Yamaji, M., H. G. Takahashi, T. Kubota, R. Oki, A. Hamada, and Y. N. Takayabu, 2020: 4-year
climatology of global drop size distribution and its seasonal variability observed by spaceborne
Dual-frequency Precipitation Radar. J. Meteor. Soc. Japan, 98,
Special Edition on Global Precipitation Measurement (GPM): 5th Anniversary,
Early Online Release Graphical Abstract with highlights
Plain Language Summary: Global-scale spatial distributions of rainfall drop size (mean diameter; Dm) are newly obtained by using 4-year accumulated products from the spaceborne precipitation radar. Relationship between Dm and precipitation rate is not a simple one-to-one relationship. Focusing on the seasonal variation in Dm over the northwest Pacific Ocean, the results indicate that the variation in Dm is related to the seasonal change of the dominant precipitation systems.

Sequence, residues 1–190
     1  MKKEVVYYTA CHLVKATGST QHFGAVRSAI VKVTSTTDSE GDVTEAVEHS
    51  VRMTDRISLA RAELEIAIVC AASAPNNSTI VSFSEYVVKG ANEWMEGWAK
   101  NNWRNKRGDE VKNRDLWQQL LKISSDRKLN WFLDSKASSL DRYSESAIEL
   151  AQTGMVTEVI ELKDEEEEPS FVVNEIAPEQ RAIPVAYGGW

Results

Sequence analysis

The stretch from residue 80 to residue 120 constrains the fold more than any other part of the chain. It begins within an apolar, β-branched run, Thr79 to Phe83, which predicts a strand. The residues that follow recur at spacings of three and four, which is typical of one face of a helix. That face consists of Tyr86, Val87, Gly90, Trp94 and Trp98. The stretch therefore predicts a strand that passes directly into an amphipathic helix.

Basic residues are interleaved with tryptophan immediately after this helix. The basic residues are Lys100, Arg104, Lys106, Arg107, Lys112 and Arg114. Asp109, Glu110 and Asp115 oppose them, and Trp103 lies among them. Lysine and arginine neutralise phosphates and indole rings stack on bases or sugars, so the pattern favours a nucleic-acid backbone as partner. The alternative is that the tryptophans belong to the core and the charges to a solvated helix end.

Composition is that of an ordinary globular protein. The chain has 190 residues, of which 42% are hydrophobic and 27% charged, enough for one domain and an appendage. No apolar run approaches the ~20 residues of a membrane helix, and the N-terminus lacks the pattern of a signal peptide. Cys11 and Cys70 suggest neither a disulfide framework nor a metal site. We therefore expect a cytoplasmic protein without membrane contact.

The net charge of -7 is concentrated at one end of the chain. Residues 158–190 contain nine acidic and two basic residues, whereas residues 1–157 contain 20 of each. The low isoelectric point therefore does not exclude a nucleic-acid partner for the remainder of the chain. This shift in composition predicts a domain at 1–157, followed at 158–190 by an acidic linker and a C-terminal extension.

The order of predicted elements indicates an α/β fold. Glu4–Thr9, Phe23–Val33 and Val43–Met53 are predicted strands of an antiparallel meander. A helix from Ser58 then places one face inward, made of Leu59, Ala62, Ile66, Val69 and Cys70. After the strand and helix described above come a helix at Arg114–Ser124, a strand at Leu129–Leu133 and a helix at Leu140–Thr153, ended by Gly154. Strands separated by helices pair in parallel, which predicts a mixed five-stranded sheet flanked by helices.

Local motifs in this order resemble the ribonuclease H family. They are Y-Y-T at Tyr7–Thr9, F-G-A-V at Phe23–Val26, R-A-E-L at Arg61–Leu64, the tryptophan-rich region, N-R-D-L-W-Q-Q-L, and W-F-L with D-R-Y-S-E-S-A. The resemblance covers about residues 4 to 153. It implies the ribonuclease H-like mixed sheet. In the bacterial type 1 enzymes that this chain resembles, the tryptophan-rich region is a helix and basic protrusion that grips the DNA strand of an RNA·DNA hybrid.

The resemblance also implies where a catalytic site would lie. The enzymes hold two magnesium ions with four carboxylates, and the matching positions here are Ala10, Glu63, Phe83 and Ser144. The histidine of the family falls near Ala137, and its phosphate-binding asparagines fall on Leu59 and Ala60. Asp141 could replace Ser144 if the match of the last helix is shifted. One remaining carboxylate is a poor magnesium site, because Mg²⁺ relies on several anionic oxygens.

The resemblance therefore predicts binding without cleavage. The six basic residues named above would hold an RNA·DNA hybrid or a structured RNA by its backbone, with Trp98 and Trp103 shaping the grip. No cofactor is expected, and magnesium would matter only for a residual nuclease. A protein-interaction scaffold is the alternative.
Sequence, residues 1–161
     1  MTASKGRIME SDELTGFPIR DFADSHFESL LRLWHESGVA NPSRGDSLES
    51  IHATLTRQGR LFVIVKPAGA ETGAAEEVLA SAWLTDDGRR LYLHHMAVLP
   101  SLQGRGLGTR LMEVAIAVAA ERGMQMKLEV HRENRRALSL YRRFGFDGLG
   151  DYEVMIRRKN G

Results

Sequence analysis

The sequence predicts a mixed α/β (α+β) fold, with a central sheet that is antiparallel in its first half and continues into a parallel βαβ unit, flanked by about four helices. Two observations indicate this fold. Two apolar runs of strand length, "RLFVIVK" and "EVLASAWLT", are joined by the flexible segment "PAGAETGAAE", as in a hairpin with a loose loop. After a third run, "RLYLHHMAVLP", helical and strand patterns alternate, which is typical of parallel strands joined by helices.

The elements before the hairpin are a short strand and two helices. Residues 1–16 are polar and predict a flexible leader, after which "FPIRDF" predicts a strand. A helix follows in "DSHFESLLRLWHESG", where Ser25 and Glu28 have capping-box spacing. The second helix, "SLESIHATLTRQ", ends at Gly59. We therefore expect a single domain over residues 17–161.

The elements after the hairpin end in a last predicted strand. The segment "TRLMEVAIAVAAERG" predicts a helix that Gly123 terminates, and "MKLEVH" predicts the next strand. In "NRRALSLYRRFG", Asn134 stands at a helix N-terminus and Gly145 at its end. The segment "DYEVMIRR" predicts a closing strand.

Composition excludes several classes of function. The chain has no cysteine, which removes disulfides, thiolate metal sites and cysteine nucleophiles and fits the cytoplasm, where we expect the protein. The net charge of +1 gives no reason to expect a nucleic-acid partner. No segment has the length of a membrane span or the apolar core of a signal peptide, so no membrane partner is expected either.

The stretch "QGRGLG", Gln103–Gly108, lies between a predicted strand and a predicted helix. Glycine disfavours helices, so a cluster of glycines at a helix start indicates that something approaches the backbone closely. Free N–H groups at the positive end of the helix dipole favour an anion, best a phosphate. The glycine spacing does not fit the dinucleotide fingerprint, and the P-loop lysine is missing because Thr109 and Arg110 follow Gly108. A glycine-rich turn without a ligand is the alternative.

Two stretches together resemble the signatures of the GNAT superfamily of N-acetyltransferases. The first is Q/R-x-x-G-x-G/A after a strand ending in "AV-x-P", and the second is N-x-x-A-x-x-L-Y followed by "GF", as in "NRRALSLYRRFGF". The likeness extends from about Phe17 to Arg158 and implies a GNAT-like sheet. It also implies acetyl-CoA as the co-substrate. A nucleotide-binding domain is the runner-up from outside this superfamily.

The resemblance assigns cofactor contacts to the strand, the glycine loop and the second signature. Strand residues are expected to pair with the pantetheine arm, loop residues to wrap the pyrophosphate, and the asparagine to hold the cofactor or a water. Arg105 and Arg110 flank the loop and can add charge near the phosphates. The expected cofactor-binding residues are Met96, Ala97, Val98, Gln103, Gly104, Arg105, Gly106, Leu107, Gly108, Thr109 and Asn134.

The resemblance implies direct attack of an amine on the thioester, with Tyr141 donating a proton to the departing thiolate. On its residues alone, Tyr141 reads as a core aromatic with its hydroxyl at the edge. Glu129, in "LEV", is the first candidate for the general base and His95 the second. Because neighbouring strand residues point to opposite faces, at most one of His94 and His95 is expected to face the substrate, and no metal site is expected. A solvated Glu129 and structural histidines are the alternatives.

- Over the northern Pacific Ocean, Dm is larger in winter and smaller in summer over the mid-latitude regions and an opposite seasonal variation is seen over subtropical regions; the signals are statistically significant.
- For both subtropical and mid-latitude regions in JJA, precipitation top heights are high and both stratiform and convective precipitation exist, indicating characteristics of organized precipitation systems.
- For DJF over mid latitudes, the stratiform ratio is high but precipitation top heights are not as high as those in JJA, corresponding to the features of extratropical frontal systems.
- For DJF over the subtropics, a feature that precipitation top heights are lowest and convective precipitation is dominant is confirmed, indicating the shallow convective precipitation systems with trade wind cumulus or cumulus congestus.